... Sierpinski triangle fractal dimension is equal to 1.58 and Koch fractal dimension is 1.26 [13]. Fractal dimension is calculated with the following equation [14]: ...

Fractal shapes has unusual properties. These unique features will affect antenna parameters when designed in fractal shapes. Two fractal shapes combined together to generate new fractal shape dipole antenna. Seirpinski and modified Koch fractal shapes allow this antenna to operate at too far apart frequencies lies in X and K band. Fractal dimension of modified Koch is found to be 1.08 which led the antenna to be electrically small. This is explaining the resonant points at higher frequencies. Uniting X and K band in single antenna will make the possibility of combining the applications of these two bands in one device. Good results have been obtained from calculating antenna parameters.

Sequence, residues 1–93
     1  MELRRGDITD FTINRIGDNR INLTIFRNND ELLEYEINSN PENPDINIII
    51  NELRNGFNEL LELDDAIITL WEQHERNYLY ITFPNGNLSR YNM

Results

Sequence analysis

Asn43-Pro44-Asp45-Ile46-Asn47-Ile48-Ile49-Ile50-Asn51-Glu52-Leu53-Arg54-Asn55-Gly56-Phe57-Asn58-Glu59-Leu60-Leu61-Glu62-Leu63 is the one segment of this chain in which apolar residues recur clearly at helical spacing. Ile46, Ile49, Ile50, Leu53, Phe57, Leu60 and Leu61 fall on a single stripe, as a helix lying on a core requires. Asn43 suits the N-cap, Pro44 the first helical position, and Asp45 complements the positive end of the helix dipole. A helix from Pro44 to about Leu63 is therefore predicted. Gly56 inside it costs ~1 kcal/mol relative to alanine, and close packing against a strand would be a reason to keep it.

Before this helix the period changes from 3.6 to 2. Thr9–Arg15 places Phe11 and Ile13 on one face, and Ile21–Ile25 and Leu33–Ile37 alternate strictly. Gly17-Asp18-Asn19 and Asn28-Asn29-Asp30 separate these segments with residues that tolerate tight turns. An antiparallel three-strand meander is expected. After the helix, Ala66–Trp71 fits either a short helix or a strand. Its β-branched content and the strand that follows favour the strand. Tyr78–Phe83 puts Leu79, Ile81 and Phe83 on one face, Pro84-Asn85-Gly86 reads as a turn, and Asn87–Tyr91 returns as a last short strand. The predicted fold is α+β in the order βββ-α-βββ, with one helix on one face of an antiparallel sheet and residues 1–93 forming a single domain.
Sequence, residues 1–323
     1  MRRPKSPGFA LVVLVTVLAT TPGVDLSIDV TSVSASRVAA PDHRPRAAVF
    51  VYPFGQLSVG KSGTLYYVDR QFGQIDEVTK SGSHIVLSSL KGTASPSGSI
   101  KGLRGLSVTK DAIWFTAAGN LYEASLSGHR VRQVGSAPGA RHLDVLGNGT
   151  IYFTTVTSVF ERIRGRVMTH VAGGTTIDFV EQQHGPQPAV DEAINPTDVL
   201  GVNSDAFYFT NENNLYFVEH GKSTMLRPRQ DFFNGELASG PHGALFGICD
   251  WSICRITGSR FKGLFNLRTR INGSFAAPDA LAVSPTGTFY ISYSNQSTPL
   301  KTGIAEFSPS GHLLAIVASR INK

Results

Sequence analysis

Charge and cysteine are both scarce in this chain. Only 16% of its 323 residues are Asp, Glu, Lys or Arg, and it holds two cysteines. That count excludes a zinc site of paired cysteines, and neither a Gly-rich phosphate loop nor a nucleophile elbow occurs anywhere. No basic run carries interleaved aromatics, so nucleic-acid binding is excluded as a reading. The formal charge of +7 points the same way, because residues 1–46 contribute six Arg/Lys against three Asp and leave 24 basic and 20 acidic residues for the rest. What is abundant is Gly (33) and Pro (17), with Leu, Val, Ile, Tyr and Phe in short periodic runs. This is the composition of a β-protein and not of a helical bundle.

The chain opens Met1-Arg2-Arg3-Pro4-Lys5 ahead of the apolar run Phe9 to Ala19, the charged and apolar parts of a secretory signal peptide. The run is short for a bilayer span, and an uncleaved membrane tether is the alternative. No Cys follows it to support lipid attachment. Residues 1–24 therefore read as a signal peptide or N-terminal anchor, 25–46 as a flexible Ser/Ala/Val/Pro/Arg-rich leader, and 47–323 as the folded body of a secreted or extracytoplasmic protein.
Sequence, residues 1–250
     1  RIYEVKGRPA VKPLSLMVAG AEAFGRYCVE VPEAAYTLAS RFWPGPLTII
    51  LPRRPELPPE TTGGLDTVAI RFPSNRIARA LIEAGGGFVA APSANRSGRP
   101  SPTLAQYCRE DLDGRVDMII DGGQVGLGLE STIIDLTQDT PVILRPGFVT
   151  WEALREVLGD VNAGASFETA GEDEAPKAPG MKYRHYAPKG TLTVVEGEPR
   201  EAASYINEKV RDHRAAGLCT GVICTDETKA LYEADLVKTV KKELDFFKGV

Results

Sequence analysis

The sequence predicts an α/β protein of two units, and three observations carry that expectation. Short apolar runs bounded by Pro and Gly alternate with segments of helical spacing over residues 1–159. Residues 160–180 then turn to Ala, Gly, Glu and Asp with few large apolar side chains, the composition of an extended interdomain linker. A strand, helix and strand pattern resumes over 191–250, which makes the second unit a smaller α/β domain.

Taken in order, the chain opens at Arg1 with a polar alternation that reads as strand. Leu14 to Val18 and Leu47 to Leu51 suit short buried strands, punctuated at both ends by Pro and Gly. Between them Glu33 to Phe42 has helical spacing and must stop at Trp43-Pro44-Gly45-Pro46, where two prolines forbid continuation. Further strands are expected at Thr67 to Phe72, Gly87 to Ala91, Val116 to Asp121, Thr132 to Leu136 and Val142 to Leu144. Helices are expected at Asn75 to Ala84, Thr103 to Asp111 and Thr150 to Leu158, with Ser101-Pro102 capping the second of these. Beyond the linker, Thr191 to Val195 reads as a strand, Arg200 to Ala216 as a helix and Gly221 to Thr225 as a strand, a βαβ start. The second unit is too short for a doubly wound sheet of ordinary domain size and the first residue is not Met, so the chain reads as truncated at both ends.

... Sierpinski triangle fractal dimension is equal to 1.58 and Koch fractal dimension is 1.26 [13]. Fractal dimension is calculated with the following equation [14]: ...

Fractal shapes has unusual properties. These unique features will affect antenna parameters when designed in fractal shapes. Two fractal shapes combined together to generate new fractal shape dipole antenna. Seirpinski and modified Koch fractal shapes allow this antenna to operate at too far apart frequencies lies in X and K band. Fractal dimension of modified Koch is found to be 1.08 which led the antenna to be electrically small. This is explaining the resonant points at higher frequencies. Uniting X and K band in single antenna will make the possibility of combining the applications of these two bands in one device. Good results have been obtained from calculating antenna parameters.